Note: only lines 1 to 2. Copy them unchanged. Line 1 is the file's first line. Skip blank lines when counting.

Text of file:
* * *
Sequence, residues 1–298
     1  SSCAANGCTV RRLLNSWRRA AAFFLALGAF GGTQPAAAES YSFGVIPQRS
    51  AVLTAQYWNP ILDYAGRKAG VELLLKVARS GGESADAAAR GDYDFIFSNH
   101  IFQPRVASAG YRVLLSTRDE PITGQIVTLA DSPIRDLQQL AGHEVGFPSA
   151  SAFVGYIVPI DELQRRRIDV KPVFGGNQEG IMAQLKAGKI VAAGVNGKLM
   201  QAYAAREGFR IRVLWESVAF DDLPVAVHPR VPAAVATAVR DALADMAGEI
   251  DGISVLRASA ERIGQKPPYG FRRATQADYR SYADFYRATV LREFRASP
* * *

Sequence, residues 1–298
     1  SSCAANGCTV RRLLNSWRRA AAFFLALGAF GGTQPAAAES YSFGVIPQRS